EDITOR’S NOTE: This is part of a series on the top stories in Pasco County during 2013 as selected by The Pasco Tribune staff.
ZEPHYRHILLS — All eyes focused on Zephyrhills in May when a winning Powerball ticket worth $590.5 million was sold at a Publix there, making an instant millionaire of someone who briefly remained a mystery.
Speculation ran rampant through the town about the winner’s identity as news crews staked out the Publix and put Zephyrhills in the national spotlight, if only for a short time.
“When it came out that the winning Powerball ticket was purchased in Zephyrhills, it was almost unbelievable. Stunning in fact,” said Vonnie Mikkelsen, executive director of the Greater Zephyrhills Chamber of Commerce. “Everyone, and I mean everyone, was talking about it. Visions of a new community center seemed only a name away.”
The winner, an 84-year-old retiree from Maine named Gloria. C. MacKenzie, eventually emerged to claim her prize in Tallahassee in early June, taking the lump sum of $370.9 million and avoiding reporters’ questions as she left with her son.
About a week after MacKenzie claimed her prize, there were rumors she was behind a generous gesture at BuddyFreddy’s Restaurant, where an unidentified woman paid for dinner for 180 customers.
A restaurant manager on duty, though, was skeptical that the woman who paid for the meals was MacKenzie, saying she did not look like the woman he had seen on television.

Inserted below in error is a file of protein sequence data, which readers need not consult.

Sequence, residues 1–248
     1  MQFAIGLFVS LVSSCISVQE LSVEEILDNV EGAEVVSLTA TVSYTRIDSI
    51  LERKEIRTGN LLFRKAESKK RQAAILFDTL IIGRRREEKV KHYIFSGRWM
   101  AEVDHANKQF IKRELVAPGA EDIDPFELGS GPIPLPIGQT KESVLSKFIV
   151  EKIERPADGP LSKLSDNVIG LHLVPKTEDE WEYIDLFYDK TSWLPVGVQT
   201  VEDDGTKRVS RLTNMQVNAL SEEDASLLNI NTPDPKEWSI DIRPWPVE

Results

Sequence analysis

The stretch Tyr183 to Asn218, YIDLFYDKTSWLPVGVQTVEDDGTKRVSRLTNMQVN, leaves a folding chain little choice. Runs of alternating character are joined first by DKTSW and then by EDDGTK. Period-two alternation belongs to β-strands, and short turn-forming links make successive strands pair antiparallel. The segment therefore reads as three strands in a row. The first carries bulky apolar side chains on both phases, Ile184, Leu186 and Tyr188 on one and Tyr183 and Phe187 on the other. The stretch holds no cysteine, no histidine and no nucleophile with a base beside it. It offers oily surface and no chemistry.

According to news reports in her home state of Maine, she really was behind another generous moment, offering to pay nearly $2 million to repair the roof at Schenk High School in East Millinocket, Maine.
MacKenzie’s daughter is a longtime biology teacher there, and her son had served as a past member of the school board and the Board of Selectmen.
School Superintendent Quenten Clark told WABI-TV in Bangor that her donation was a “real blessing to the community.”
In Zephyrhills, MacKenzie had lived in a small duplex on Lane Road, but she quickly put part of her winnings toward a more upscale abode, buying a 6,322-square-foot, five-bedroom home in a gated golf course community in Jacksonville, the city where her son was living.
So any hopes Zephyrhills residents had that a multi-millionaire philanthropist might soon be living among them were dashed.
“I’d be lying if I said it wasn’t a little disappointing that she left without a word, or a gift to a local charity or for a community capital project,” Mikkelsen said. “But she certainly deserves her privacy and peace. And she deserves to spend her newfound wealth as she wishes.
“She is an educator, a retired teacher, so she must have a good heart. Actually, I believe the end of the story is yet to be written. She knows where we are and if she is inspired to bring about something special to the Zephyrhills community, she will find us again.”